One look at the plant and the nursery owner knew the reason for the leaves turning brown and dropping off.

Nursery owner: I know the problem. However, there is no cure.
Plant owner: No cure? And what is the problem?
Nursery owner: The problem, dear lady, is called “Autumn”.

Re-trievia recalled: Excerpts from Year 2001
Tan Wee Kiat

Written by Ivan Chew

24 October, 2007 at 10:28 pm

Posted in Year 2001

Durians and the Law of Gravity

Yes, durians are fruiting all over campus. For NIE folks the nearest durian trees are near the Admin Building side facing the student hostels.

Talking about durian season raises the old story about how Sir Issac Newton discovered the law of gravity. Apparently he had been sitting under an apple tree when an apple fell on his head. This led him to wonder why objects fell down rather than up or sideways.

Some Singapore scholars have claimed that Newton was not the first person to discover the law of gravity. The honour of this discovery should have gone to a Singaporean instead! These Singapore scholars claim that the Singaporean had discovered the law of gravity when he sat under a durian tree and a durian fell on his head. Unfortunately, this Singaporean discoverer did not survive long enough to finish his dissertation on the subject of gravity.

Another version of this story has the Singaporean discoverer sitting under a coconut tree.

Well, the moral of the story is “Don’t sit under durian trees or coconut trees”.

Re-trievia recalled: Excerpts from Year 2001
Tan Wee Kiat

Written by Ivan Chew

23 October, 2007 at 10:26 pm

Posted in Year 2001

What is the oppposite of a bargain?

Some more stuff about Breadfruit. Its scientific name is ‘Artocarpusaltilis’. From this scientific name you can see it is related to 2 other well-known tropical fruits, the Jackfruit (Artocarpusheterophyllus) and the Chempedak (Artocarpusinteger). Unlike the Breadfruit, which has no smell, the Jackfruit and the Chempedak will announce its ripeness with a strong aroma. The aroma of the Jackfruit and Chempedak is not as strong as that of Durian. I thought I should tell you that in case you avoided Durian because of its overpowering aroma. Well, ‘swindle’ is not quite the word I want. My experience of a non-bargain happened this way.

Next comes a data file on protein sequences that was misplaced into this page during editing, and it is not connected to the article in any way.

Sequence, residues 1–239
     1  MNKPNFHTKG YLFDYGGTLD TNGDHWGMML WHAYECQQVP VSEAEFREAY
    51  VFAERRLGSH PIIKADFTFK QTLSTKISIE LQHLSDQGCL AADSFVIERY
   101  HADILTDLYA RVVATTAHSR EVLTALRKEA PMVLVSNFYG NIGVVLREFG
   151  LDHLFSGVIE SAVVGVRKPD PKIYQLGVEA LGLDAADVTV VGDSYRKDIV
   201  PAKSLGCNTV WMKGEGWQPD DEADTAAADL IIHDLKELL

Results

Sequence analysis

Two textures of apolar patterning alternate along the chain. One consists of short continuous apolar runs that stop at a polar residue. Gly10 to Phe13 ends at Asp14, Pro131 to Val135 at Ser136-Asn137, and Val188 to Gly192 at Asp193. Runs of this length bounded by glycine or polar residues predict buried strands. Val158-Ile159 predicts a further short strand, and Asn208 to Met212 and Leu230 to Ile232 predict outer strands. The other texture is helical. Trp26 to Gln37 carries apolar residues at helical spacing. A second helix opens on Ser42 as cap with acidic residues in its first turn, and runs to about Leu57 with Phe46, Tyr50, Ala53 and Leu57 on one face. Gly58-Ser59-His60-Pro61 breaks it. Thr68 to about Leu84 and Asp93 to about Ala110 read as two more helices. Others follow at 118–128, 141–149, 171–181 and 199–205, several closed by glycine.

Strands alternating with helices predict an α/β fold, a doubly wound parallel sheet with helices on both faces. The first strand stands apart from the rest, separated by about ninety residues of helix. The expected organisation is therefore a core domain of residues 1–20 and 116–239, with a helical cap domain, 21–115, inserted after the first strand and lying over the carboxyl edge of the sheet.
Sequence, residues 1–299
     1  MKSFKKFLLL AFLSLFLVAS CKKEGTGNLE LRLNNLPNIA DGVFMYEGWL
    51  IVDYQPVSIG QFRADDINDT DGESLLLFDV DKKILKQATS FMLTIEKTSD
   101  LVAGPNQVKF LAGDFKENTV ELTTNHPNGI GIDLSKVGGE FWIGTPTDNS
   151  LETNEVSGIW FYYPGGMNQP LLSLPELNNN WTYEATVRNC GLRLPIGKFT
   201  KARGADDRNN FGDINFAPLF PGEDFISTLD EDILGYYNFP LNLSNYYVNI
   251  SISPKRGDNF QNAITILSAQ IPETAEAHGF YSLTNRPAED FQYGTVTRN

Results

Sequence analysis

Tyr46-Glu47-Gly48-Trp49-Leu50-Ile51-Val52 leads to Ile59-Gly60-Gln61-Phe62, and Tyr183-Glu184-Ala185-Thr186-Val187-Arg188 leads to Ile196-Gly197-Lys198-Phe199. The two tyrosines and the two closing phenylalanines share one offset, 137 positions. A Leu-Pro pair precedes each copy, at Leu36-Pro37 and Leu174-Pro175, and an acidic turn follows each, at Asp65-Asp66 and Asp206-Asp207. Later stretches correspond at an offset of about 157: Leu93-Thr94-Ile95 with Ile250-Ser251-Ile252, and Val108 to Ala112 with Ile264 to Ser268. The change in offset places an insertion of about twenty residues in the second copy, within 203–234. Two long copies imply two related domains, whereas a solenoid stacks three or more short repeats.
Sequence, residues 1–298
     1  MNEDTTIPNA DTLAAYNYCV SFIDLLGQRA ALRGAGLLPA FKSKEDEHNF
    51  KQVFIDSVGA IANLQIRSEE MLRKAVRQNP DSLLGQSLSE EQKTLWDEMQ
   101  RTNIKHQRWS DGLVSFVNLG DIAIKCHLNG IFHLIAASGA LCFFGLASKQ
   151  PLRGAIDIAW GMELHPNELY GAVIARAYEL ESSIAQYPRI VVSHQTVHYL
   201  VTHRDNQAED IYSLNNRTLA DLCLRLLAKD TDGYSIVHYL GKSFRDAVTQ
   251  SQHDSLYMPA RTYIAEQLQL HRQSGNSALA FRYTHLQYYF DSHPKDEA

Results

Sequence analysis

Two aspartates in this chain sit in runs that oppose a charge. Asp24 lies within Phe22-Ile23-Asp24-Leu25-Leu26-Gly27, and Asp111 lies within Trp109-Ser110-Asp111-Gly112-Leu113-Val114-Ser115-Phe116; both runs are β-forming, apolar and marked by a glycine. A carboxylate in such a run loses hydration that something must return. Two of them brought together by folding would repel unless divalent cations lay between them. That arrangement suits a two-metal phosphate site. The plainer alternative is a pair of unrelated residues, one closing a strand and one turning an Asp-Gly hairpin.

A month back I called Borders to ask them whether they had the book, “Mutiny on the Bounty”. They checked their stocks and replied positively.

So, on a Saturday afternoon I went down to Borders in Orchard Road and bought the book which lightened my pocket by $28. After reading the book I was interested in the 2 books that chronicled the follow up, “Men Against the Sea” and “Pitcairn Island”. So, again I called up Borders and they checked their stocks and they again replied positively. When I went down to Borders, I was told that these 2 books were part of a Bounty Trilogy, i.e., 3 books in one and the price was $44.

You’ve guessed it -the first book in it was “Mutiny on the Bounty“. If I had known about the Bounty trilogy the first time I asked, I would have saved $28. Ah, well, you win some and you non-lose some.

Re-trievia recalled: Excerpts from Year 2001
Tan Wee Kiat

Written by Ivan Chew

22 October, 2007 at 10:25 pm

Posted in Year 2001